June 21, 2016 in Savings

Financial advisers’ secrets for starting and keeping an emergency fund

If there’s one thing financial advisers can agree on, it’s that having some money set aside that you can tap quickly to deal with unexpected expenses or income disruptions is crucial.

But where to keep your emergency savings and how much you need to protect yourself are more complicated issues. And just getting started is daunting for many people; more than a quarter of Americans have no rainy-day money, a Bankrate survey found.

We asked fee-only financial planners for their best advice on how to start an emergency fund. Here’s what they told us.

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“Building your emergency fund does not have to be daunting. Start small, saving $1 a day for one week. At the end of the week, you’ll have $7. Then, up it to $2 a day for the next week to have $14, then $3, $4, etc. If the maximum you can save is $10 a day for a week, just stay at this number and continue this for a year. At the end of the year you would have saved $3,325! Consistently stowing away money, albeit seemingly small, can make a huge impact in building your emergency fund and providing you with a safety net.”

— Avani Ramnani, CFP professional and director of financial planning and wealth management at Francis Financial in New York

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“The more steady and reliable your income, the smaller your emergency fund can be, as little as about 3 months’ expenses.

“The rate of return you should expect on emergency funds: 0.0%. Zero. If you get anything more, make sure it’s FDIC-insured, or has equivalent safety.

“If an investor thinks his/her emergency funds are in stocks, they’re mistaken. That’s not an emergency fund. That’s gambling in the stock market.”

— Kenneth F. Robinson, CFP professional at Practical Financial Planning in Cleveland

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“When we talk about building an emergency fund, we often focus only on saving, and not enough on what we would actually do if there is an emergency. One consequence is that sometimes the main financial decision-maker in the family may be unable to make decisions temporarily due to the emergency, and the spouse or children don’t have the financial acumen to deal with money, even if there is an emergency fund they can tap. So no matter whether you currently have enough emergency funds, one thing you can do is to educate yourself and your family with the basic handling of household finances, and know when and how to access the emergency fund.”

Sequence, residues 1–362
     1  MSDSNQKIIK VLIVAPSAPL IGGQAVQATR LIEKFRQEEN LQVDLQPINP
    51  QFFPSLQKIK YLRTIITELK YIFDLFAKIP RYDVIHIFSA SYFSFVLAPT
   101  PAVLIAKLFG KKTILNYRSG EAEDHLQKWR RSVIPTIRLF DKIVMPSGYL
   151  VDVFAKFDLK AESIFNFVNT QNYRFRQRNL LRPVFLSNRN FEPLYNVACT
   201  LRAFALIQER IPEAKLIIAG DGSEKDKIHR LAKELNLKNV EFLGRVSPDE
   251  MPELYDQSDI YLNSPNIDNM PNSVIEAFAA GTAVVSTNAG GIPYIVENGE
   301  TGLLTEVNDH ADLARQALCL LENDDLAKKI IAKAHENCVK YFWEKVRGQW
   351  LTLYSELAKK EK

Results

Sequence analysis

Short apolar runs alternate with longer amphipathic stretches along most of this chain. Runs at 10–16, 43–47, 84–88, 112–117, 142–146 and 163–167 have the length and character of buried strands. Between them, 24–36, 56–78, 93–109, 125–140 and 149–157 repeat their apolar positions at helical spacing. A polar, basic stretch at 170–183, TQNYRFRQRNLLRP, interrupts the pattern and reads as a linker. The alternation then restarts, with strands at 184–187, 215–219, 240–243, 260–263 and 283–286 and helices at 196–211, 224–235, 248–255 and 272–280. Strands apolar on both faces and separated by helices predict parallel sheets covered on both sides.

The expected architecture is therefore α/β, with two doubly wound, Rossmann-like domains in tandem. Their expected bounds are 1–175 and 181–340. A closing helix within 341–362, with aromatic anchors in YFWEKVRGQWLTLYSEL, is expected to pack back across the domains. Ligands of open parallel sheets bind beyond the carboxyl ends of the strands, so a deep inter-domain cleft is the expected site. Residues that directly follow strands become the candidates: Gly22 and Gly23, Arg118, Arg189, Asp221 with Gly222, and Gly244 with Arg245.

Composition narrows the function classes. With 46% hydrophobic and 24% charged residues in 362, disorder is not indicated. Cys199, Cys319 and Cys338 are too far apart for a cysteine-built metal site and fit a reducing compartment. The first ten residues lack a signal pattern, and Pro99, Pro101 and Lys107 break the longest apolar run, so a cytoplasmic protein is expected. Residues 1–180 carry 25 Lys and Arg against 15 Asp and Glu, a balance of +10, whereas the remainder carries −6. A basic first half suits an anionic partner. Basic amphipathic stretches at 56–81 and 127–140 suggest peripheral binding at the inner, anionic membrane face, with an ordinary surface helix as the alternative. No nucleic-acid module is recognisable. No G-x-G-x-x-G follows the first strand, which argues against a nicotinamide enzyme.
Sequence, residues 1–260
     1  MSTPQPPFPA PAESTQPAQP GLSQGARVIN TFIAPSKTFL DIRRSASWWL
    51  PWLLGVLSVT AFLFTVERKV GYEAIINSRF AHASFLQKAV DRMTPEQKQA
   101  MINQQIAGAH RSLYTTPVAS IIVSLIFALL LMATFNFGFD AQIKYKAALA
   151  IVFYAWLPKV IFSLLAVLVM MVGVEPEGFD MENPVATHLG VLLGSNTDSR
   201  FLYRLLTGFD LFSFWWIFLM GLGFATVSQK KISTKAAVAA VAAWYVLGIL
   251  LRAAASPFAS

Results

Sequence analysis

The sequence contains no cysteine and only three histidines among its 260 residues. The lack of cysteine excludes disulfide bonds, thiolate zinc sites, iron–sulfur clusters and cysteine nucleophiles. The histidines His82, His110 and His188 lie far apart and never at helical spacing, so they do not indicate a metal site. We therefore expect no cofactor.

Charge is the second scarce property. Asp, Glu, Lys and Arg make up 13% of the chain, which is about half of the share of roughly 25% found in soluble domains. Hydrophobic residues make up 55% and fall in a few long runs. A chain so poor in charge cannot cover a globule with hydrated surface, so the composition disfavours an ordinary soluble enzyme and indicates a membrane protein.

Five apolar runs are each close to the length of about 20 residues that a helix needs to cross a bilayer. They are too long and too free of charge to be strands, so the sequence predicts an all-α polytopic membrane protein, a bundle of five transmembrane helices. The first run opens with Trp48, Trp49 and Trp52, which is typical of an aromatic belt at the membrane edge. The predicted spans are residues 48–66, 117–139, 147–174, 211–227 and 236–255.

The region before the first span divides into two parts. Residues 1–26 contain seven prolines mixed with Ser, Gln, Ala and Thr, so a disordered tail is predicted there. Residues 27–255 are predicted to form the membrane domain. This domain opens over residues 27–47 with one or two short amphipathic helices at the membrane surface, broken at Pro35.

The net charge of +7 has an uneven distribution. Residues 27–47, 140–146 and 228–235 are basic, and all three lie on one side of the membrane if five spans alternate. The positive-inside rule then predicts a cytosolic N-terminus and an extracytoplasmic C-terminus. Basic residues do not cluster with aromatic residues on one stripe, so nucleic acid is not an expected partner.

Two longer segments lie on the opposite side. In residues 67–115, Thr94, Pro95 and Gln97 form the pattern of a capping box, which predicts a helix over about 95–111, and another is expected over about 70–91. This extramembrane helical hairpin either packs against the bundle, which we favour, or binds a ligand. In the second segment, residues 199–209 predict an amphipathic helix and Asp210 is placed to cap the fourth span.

— Hui-chin Chen, CFP professional and financial planner at Pavlov Financial Planning in Arlington, Virginia

“My belief is that emergency money is (often) a second thought. Many state their emergency money is a home equity loan or, unfortunately, lower-interest credit cards. What they don’t realize is that these vehicles are, in the long term, a negative cash flow and not a positive.

My advice is to have $10,000 to $20,000 as a minimum emergency fund. Use that and pay yourself back as you would your line of credit or credit card.”

— Audrey Jones, CFP professional and president of Financial Life Designs in Orlando, Florida

“There is no question that building and maintaining adequate emergency savings should be one of the most important and core financial objectives for everyone. A related, and even more important, financial objective, in my opinion, is having access to sufficient liquidity. I define liquidity as ‘the ability to convert existing sources of funds into readily available cash when needed without loss of significant market value.’ I consider liquidity to be a more critical issue than emergency savings. I do strongly believe emergency savings should be the ideal and primary source of liquidity whenever possible. Additional sources of liquidity may include, but are not limited to, an untapped home equity line of credit and temporarily borrowing funds from another person.”

— Christopher P. Parr, CFP professional and president and CEO of Parr Financial Solutions in Columbia, Maryland

“I view an emergency fund similar to insurance: protection I hope to never need. I am also very mindful of minimizing opportunity costs, so I suggest clients can use their principal contributions in a Roth IRA as an alternative to cash held for an emergency that may not come. Remember, principal contributions can be withdrawn from a Roth IRA at any age, without penalty or tax.”

— Rob Siegmann, principal and chief operating officer at Total Wealth Planning in Cincinnati

“Emergency savings is really a ‘cushion’ account — a pillow that allows you to sleep comfortably at night and wake up feeling ready to deal with whatever life brings you.”

— Lazetta Rainey Braxton, CFP professional and founder and CEO of Financial Fountains in Baltimore